Saturday night boasted a fine lineup of late night selections as well. New York's U-Melt grabbed my attention first, performing indoors at the Colonel's Hall, a cleared out cafeteria. They began with the highly improvisational instrumental rave-up "Schizophrenia," and the hall began to fill immediately. They then opened things up with "Air," a catchy tune that had fans twirling and raising their hands above their heads. Sticking around for one more song, I was delightfully rewarded with a dandy cover of Billy Joel's "Pressure." Keyboardist Zac Lasher's vocals were not far off from Joel, though just different enough to make it sound like a U-Melt original. Many of the youngsters in the room probably thought it was. While the sound in the room was not too great, the visuals included a vast array of lighting effects and projections.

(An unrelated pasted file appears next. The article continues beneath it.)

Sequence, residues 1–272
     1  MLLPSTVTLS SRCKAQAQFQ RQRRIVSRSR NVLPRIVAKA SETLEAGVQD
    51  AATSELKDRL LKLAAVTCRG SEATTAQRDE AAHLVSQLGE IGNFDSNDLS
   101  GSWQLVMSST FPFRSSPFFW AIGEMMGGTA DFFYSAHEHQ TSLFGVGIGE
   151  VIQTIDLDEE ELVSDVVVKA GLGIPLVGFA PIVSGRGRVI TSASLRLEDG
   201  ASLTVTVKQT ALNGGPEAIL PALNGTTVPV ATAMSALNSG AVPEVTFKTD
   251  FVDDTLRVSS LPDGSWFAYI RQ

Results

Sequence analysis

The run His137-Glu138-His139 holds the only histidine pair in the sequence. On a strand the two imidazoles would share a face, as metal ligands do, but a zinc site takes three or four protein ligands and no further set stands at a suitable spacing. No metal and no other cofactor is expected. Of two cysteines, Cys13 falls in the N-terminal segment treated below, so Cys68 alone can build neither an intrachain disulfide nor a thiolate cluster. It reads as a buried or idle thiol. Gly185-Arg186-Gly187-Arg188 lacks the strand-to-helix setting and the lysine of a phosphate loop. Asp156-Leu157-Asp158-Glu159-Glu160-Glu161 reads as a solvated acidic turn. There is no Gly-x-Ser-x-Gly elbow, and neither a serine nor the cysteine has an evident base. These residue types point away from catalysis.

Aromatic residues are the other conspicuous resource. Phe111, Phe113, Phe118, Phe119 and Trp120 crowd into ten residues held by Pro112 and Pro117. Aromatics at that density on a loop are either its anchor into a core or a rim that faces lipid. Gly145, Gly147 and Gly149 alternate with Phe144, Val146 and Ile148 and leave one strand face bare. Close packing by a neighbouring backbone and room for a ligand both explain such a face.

Back outside on the West Stage, Karl Denson's Tiny Universe was tearing it up. "Satisfied" had fans pumping their hands to a solid funk backbeat. Not only did Denson let loose on the saxophone but he also added a flute solo. On "Front Money," guitarist Brian Jordan had a very fluid style, rooted in rhythm and blues but fortified with pure funk. And Haynes returned Denson's earlier favor and joined KDTU for a late night sit in.

Continue reading for Sunday coverage...